Twelve Monkeys: Michael Gebert on Terry Gilliam

Buy this video from
The first question you have to ask about Terry Gilliam is, what was a nice boy from Minneapolis doing in a troupe of British collegiate performers, the sort of insular society that you ordinarily have to be born into (and most certainly have to be a British collegian to be part of)?

The answer goes back to New York in the early 1960's, where Harvey Kurtzman, the original editor of Mad Magazine, had broken off to start a series of his own magazines. A young cartoonist named Gilliam wound up doing work for Help!, where the pay was so good that he was reduced at one point to living in Kurtzman's attic. But along the way he met a British collegian (aha!) named John Cleese, and when he went off to Europe with his ill-gotten gains to do what young men do in Europe when they quit their jobs, Cleese helped make the introductions that got him writing work on a TV show called "Do Not Adjust Your Set" and later on Marty Feldman's show "Marty!" (not to be confused with the Paddy Chayefsky play, nor is Ernest Borgnine to be confused with Marty Feldman), both of which used assorted combinations of future Pythons among their writers and performers.

"Do Not Adjust Your Set" and "Marty!" also used, for the first time, Gilliam's animations-- though their surreal and interruptive nature never quite meshed with the more traditional sketch comedy of those programs. At last, in 1969, it was decided to let all those bright, annoyingly-full-of-their-own-ideas young men have their own show, and "Monty Python's Flying Circus" was born, Gilliam's bizarre animations being exactly the glue needed to hold together the anarchic non-structure of the program. Indeed, it was the stream-of-consciousness nature of Gilliam's animations that convinced the other members that the entire show could have that sort of aimless, non-sequitur feel.


Three seasons of Python followed and in 1975, the Pythons decided to make a true feature film (there had been an earlier filmed anthology of sketches). Two Pythons, indeed, Two Terrys (as they were known) expressed interest in directing-- Gilliam and Terry Jones. For a jolly satirical spoof of the Arthurian legend, "Monty Python and the Holy Grail" had a surprisingly consistent artistic vision of the medieval era as nasty, brutish and full of ants, a view carried on in Gilliam's little-seen solo directing debut, "Jabberwocky" (1977), starring Michael Palin as a medieval lad who winds up fighting the beast of Lewis Carroll's invention.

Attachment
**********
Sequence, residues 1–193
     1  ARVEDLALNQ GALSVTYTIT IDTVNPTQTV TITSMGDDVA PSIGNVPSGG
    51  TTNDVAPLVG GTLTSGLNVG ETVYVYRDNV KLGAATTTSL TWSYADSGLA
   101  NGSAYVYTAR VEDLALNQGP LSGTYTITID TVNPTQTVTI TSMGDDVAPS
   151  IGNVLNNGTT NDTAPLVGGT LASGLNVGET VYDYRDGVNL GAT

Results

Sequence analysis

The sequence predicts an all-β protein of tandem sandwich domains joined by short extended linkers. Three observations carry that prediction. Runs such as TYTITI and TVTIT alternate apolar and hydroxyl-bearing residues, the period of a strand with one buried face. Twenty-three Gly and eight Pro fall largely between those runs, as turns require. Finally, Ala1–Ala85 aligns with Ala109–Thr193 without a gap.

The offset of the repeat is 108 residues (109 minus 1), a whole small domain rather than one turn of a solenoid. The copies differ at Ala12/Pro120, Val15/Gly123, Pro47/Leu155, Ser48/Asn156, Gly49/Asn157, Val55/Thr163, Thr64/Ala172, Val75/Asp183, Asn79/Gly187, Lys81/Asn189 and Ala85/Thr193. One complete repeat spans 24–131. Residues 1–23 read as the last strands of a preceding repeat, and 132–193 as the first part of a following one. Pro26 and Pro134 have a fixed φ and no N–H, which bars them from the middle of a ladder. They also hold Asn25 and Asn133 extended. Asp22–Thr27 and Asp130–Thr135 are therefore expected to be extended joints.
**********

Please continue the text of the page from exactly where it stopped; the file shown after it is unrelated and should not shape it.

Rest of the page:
In 1981 Gilliam's "Time Bandits" helped him escape the Python mantle and establish a name as a promising director. A fantasy about a kid who is kidnapped by a band of dwarfs and taken through time, meeting characters ranging from King Agamemnon (Sean Connery) to Robin Hood (Cleese), it enjoyed enthusiastic reviews for its imagination, charm-- and Pythonesque humor.

That promise was amply fulfilled by "Brazil" (1985), a visually dazzling fantasia on the themes of Orwell's "1984." To get it released without drastic cuts and a happy ending, however, Gilliam had to take out ads in the trade papers demanding that Universal let it be released. Partly as a result of the controversy, the Los Angeles Film Critics Association voted it their best film of the year-- after Gilliam reportedly arranged a screening for them over the Mexican border. More trouble followed with "The Adventures of Baron Munchhausen" (1989), which went way over budget on production in Italy and was more or less dumped when the regime at Columbia changed hands.

Despite their production difficulties, however, "Brazil" and "Munchhausen" are both extraordinarily rewarding and delightful films, treats for the eye and, with a shared theme of the value of fantasy as an escape from reality, not so bad for the mind, either.

At last Gilliam had a conventional hit with 1991's "The Fisher King," in which the fantasy belongs to Robin Williams, a homeless man whose own idea of a quest helps rescue both himself and a depressed ex-DJ (Jeff Bridges) from their respective despondencies. "The Fisher King" enjoyed great critical success, winning a Silver Lion at the Venice Film Festival, a Best Actor Oscar nomination for Robin Williams and a Supporting Actress Oscar for Mercedes Ruehl.

Terry Gilliam's new film is "Twelve Monkeys," starring Bruce Willis and Brad Pitt.

Back to "Twelve Monkeys"

Look for Search Tips

Copyright 1994-2008 Film Scouts LLC
Created, produced, and published by Film Scouts LLC
Film Scouts® is a registered trademark of Film Scouts LLC
All rights reserved.

Suggestions? Comments? Fill out our Feedback Form.